An analytical master data management project can be a good way to get started on the path to full-fledged enterprise...
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MDM, but only if MDM systems and processes are architected with that goal in mind, according to data management consultants and experienced IT professionals.
That was the key lesson I learned while researching a series of articles on analytical MDM – a flavor of MDM that focuses on improving the quality of information in data warehouses. Some organizations are satisfied with mastering their business intelligence data and have no larger-scale MDM plans. Others look at analytical MDM as an entry point and plan to eventually extend MDM processes to their operational systems. For those who do want to go enterprise-wide, the experts warned that problems can arise if you don't begin with a well-designed master plan.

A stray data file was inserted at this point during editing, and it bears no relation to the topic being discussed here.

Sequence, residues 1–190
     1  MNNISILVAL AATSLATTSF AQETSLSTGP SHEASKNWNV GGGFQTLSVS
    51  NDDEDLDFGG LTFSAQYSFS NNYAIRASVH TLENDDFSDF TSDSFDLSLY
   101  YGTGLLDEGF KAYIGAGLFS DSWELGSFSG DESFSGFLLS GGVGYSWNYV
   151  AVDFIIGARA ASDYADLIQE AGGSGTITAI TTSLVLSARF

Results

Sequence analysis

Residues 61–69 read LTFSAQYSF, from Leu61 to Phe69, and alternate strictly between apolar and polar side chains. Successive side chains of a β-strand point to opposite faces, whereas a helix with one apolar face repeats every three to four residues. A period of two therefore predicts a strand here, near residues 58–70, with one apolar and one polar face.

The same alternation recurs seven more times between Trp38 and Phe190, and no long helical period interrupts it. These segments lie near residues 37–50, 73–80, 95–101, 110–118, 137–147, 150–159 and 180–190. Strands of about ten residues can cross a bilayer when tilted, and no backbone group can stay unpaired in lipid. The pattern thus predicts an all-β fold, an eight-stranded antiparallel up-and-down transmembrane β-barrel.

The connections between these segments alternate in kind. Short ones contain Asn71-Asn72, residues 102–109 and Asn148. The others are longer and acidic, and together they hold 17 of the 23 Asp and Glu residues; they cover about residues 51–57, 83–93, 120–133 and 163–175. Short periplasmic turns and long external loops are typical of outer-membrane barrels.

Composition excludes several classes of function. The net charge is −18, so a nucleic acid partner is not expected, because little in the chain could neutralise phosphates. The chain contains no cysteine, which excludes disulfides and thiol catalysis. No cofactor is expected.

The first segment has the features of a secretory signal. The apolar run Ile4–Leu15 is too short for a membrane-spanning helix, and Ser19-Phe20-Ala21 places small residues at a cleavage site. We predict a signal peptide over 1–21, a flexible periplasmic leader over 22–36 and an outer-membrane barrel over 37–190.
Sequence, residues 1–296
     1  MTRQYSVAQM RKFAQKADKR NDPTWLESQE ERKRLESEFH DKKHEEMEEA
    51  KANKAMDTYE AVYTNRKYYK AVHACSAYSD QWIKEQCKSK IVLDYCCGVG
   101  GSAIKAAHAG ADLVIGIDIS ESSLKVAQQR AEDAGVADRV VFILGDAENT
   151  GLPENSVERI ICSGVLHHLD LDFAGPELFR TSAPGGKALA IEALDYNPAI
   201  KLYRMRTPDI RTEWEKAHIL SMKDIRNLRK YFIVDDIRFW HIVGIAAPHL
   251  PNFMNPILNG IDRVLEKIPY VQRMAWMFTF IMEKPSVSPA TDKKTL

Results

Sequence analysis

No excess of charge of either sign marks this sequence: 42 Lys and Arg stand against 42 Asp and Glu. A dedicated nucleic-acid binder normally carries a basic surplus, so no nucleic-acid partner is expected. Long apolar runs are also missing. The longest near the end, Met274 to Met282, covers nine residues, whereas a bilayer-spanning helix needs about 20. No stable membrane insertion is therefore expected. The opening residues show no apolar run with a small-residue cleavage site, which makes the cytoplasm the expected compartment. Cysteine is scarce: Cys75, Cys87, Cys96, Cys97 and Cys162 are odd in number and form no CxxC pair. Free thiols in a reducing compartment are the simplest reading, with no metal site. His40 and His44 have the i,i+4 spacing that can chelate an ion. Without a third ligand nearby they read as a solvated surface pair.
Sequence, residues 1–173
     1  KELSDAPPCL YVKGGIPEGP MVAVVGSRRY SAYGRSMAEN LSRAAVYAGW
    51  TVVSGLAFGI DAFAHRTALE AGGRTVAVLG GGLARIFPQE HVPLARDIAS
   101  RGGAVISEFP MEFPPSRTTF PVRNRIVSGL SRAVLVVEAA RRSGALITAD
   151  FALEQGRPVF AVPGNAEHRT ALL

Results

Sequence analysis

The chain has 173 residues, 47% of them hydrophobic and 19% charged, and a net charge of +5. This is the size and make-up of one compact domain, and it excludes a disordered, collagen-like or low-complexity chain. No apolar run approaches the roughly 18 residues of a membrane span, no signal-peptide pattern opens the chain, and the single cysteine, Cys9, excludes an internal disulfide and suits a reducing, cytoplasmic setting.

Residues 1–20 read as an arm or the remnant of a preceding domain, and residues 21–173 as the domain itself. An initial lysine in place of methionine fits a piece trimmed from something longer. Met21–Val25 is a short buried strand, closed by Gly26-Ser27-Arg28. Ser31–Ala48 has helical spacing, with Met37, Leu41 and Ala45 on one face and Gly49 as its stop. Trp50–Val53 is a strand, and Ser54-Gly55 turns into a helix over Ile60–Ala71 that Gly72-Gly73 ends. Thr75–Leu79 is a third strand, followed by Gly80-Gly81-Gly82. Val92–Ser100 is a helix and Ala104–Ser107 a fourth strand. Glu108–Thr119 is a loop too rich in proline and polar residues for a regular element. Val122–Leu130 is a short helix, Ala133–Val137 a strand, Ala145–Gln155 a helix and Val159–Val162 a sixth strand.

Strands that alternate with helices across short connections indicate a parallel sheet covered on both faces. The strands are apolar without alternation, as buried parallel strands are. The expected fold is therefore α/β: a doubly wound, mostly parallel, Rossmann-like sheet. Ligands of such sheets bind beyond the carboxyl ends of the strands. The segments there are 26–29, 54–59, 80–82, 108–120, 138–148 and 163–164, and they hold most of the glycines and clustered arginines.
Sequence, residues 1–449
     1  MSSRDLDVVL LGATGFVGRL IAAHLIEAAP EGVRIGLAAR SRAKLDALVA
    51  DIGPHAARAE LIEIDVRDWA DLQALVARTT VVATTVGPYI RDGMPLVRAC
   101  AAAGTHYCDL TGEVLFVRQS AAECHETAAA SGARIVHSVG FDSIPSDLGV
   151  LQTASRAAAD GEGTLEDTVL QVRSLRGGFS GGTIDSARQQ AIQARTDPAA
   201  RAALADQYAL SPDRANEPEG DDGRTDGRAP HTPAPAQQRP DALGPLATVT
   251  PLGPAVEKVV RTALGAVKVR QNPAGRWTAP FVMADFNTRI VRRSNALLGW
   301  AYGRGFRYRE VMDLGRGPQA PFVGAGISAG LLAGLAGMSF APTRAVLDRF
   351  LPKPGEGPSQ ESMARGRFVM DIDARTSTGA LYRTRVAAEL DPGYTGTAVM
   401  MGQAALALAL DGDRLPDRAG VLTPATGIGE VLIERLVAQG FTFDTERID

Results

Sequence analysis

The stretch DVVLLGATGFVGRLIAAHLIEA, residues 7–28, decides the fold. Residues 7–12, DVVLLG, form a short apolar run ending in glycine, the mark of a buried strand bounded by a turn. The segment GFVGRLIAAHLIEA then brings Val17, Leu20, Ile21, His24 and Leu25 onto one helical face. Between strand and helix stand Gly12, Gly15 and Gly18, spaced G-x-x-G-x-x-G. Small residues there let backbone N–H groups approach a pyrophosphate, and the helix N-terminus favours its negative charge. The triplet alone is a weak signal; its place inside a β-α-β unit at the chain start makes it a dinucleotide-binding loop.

The first two articles in our analytical MDM series were published last week. The first includes an overview of analytical MDM and an example of how it's helping one medical insurer improve collaboration between business and IT. The second offers tips on ensuring a successful analytical MDM program. We added a third article earlier this week, looking at the flip side: mistakes to avoid on analytical MDM.
I'd also like to call your attention to another recent article that covered a Forrester Research report on the current state of the data warehousing market. Among the interesting tidbits in the Forrester Wave report was a prediction that users can expect more vendors to answer customer demand for preconfigured data warehouse software bundles in the months ahead.
If you have thoughts about analytical MDM or want to share your experiences in dealing with data warehouse vendors, shoot me an email or find me on Twitter: @Brunola88.
Have a great week.
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